The 5th edition of the Atheist Film Festival makes a very welcome return to the Roxie Theatre on September 14, 2013. This “film festival you can believe in” offers a mix of old and new films for audiences tired of businesses trying to hide their religious-based homophobia behind the First Amendment’s skirts.

Religion-based bad behavior is the subject of the festival’s closing film, Peter Mullan’s controversial 2002 drama “The Magdalene Sisters.” The real-life guilty institution in question is the Irish Catholic Magdalene Asylums, which regularly locked up and brutalized women guilty of “sexual transgressions.” Worse, like quite a few present day prisons, the Asylum inmates were used as slave labor for its Laundries. Mullan’s film follows a trio of women who try to survive their abusive soul-crushing confinement. The Vatican has unsurprisingly attacked the film.


A different form of aggressive religion-based public attack can be found in Scott Thurman’s previously reviewed documentary “The Revisionaries.” For those who missed the film at its earlier SF Indie Fest showings, it’s a chilling portrait of Texas School Board members Don Mc Elroy and Cynthia Dunbar. The duo lead the school board’s religiously conservative majority in leveraging their state’s textbook buying power to cram fundamentalist Christian spins on evolution and American social studies nationwide.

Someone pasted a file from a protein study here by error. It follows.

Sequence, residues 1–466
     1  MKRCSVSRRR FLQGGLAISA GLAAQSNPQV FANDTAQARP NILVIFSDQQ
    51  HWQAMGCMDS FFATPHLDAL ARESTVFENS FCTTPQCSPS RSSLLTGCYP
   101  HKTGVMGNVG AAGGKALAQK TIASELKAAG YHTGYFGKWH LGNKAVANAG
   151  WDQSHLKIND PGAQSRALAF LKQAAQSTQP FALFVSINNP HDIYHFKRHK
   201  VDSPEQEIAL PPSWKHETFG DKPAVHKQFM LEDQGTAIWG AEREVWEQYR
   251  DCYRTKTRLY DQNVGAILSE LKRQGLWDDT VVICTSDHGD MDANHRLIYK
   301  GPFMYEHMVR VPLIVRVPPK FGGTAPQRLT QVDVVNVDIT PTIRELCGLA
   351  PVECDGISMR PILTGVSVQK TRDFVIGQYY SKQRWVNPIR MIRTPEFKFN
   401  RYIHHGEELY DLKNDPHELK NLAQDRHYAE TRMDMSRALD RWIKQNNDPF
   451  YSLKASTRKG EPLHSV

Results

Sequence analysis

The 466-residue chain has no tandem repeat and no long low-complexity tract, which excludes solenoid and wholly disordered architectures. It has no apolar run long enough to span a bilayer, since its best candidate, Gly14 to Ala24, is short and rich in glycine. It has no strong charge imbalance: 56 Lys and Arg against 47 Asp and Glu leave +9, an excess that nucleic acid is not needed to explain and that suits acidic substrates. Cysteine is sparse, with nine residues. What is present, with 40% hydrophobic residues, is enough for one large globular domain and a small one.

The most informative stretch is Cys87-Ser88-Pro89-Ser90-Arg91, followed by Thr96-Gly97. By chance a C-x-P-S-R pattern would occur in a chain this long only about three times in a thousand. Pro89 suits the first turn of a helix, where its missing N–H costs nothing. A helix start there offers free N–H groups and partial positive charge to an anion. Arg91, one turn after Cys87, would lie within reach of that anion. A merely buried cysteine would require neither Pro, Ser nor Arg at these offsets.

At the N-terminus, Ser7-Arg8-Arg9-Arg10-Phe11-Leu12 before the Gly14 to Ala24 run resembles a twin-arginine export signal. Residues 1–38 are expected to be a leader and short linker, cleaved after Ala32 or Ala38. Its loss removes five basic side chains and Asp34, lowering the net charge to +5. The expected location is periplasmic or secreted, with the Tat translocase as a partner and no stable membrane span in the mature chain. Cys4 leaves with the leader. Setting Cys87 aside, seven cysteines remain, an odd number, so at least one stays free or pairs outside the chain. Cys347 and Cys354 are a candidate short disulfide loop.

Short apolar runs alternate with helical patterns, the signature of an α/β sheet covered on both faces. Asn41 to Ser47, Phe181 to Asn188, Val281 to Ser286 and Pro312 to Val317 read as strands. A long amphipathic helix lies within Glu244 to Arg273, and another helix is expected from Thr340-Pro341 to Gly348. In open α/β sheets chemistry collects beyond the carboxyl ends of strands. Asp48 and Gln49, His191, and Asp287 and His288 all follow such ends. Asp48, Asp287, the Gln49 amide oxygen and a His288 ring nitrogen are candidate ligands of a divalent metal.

Jon Amiel’s historical drama “Creation” demonstrates that the clash between the theory of evolution and conservative religious belief dates back to the formulation of the theory. Paul Bettany plays naturalist Charles Darwin. His commitment to building his observations from nature into the game-changing theory of evolution unfortunately conflicts with his devout wife’s beliefs.

Professed non-belief in religion has also sparked fights with Christian fundamentalists. Sylvia Broeckx’ documentary “Hug An Atheist” aims to debunk the myths about atheism and demystify viewers’ conceptions of the people who hold this viewpoint.

While Beyond Chron was unable to preview Broeckx’ documentary prior to its festival premiere, it was able to look at Scott Burdick’s infuriating short documentary “Sophia Investigates The Good News Club.” Supreme Court watchers will be familiar with the national religious organization from a notorious 2001 US Supreme Court case which gave the group unfettered access to America’s schools. Student Sophia Winkler looks into The Good News Club’s activities and discovers the group’s actions are far more harmful than bending the songs “Beat It” and “YMCA” to deliver a fundamentalist Christian message.

The film shows The Good News Club is dedicated to inculcating the young with the joys of religious intolerance. Sadly, this description is not an exaggeration. Katherine Stewart, who’s investigated the club, recounts how one child who believed everything The Good News Club taught her was traumatized by her introduction to the concept of religious tolerance. Club lesson plans’ thousands of references to sin and punishment lend credence to kids thinking that classmates who don’t share their fundamentalist beliefs will suffer eternal punishment. A particularly egregious lesson sugarcoats the idea of ignoring doubts or attacks of conscience in committing religious genocide.